Known in its formative years as the Wynns Safari, the Australasian Safari has now spanned three decades and cemented itself as Australia’s most arduous offroad event; the Dakar Down Under if you like.
There’s nothing else that is as gruelling and tough on both man and machine, and it’s an event on the to-do list of many offroad drivers and riders.
The Safari has attracted some of the biggest names in Australian and International motorsport over the years, including leading touring car drivers and factory-backed Dakar competitors from Europe and Japan.
The late, great Peter Brock was quoted in Bob Carpenter and Peter Whitaker’s book, Safari – the story of Australia’s greatest offroad motoring adventure, as saying the event was a unique test of patience, mechanical sympathy and the art of improvisation.
“The Safari provides some of the most demanding, challenging and exhilarating driving that exists and the endurance aspects have to be experienced to be believed,” Brock said.
Jeep's 2014 Entrant
Entering a showroom standard 4x4 vehicle, driven by a magazine editor with no competitive racing experience, in such a challenging event might seem like a frivolous concept. Yet that’s just what Jeep Australia proposed when they asked us to join them on the 2014 Safari in Western Australia.
Jeep’s plan was to enter two of its new Rubicon X models of the JK Wrangler Unlimited in the Safari; one driven by your 4X4 Australia editor and the other by Matt Brogan from Carsales.com.au. The cars would be bog stock right down to tyres and shock absorbers, with only the compulsory safety equipment fitted.
While the Rubicon might be the most capable offroad model in the Wrangler range, its swag of offroad goodies probably weren’t what’s needed for a cross-country race like the Australasian Safari. The extra low gearing in both the transfer case and axles made low range redundant in these conditions, and likewise the front sway bar disconnect and front and rear locking diffs are more suited to low speed crawling than faster terrain challenges.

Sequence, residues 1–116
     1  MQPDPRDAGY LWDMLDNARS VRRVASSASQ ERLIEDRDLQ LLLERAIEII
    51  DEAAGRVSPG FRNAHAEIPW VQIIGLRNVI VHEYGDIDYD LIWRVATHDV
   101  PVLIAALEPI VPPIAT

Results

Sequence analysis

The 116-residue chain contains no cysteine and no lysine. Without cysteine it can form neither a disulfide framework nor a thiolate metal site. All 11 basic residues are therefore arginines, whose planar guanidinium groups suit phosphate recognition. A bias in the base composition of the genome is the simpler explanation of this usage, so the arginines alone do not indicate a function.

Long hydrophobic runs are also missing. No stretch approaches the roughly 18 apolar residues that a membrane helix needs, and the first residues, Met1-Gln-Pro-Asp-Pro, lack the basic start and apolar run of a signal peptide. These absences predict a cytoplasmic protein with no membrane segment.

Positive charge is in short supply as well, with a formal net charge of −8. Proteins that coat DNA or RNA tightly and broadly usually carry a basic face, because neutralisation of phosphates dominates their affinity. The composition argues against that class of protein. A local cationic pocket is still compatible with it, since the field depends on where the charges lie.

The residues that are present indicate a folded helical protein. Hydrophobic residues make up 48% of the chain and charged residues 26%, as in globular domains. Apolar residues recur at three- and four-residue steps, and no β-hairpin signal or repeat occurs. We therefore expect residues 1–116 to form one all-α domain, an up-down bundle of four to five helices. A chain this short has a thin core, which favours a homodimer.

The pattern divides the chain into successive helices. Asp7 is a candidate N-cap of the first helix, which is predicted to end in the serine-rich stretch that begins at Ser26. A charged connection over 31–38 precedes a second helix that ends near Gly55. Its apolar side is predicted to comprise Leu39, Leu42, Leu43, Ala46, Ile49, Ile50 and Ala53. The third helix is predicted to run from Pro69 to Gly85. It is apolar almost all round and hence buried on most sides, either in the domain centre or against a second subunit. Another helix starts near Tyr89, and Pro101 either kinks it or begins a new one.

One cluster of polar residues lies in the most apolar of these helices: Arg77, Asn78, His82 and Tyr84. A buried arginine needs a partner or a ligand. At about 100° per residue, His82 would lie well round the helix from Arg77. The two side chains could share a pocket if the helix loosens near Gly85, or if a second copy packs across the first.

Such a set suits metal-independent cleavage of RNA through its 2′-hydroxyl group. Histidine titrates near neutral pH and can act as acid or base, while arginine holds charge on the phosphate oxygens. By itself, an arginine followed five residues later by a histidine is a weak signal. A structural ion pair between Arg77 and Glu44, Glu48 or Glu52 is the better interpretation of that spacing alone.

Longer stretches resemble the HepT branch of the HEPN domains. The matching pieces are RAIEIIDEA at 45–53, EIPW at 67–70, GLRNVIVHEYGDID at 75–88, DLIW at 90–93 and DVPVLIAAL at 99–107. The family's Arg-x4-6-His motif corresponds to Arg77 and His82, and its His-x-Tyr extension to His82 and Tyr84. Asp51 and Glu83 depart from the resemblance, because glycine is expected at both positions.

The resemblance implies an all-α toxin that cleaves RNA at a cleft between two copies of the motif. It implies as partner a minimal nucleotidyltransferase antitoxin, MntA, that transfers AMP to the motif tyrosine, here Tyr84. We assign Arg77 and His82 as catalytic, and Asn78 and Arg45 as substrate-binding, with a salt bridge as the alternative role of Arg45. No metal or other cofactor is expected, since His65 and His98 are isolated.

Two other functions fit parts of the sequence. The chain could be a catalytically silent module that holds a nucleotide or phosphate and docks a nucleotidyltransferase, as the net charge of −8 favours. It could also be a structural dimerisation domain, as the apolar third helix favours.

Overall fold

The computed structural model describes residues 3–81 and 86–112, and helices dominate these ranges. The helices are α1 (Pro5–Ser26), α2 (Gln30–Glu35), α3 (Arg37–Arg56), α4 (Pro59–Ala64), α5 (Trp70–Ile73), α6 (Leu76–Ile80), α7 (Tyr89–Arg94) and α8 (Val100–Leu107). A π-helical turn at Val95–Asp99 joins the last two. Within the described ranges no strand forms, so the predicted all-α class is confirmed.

The Dana 44 axle under the front of the Rubicon was appreciated, however, as the Dana 30 is not as strong and may not have coped so well in the harsh conditions.
Jeep Australia wanted to keep the Rubicon X vehicles bone stock for this torture test, right down to standard shocks and tyres. We were impressed by the performance of the Goodyear Wrangler tyres even though they looked pretty well abused by the end of the week. Our car only had two slow leaks from pinholes probably caused by spinifex spikes, while the other Jeep did suffer some tyre sidewall damage.
The standard shocks didn’t fare so well and were pretty much junk halfway through each stage. You wouldn’t expect any OE shock to put up with this treatment and that’s why the competition vehicles have thousands of dollars spent on each corner of their suspension.
The only additions for the race were safety related: Sparco race buckets replaced the heated leather seats exclusive to the Rubicon X; five point harnesses held both driver and co-driver in the seats; while a custom made cargo barrier, incorporating a bar to secure the harnesses, was fitted where the rear seat would normally reside. The factory roll cage was deemed sufficient for the Safari Challenge class. Other additions included fire extinguishers, driver to co-driver intercom, Terra Trip and Rally Safe units and an UHF radio.
The limited edition Wrangler Rubicon X is available now for $52,000 with a V6 petrol and auto transmission the only powertrain offerings.
*See the full story and results in the January 2015 edition of 4x4 Australia Magazine.
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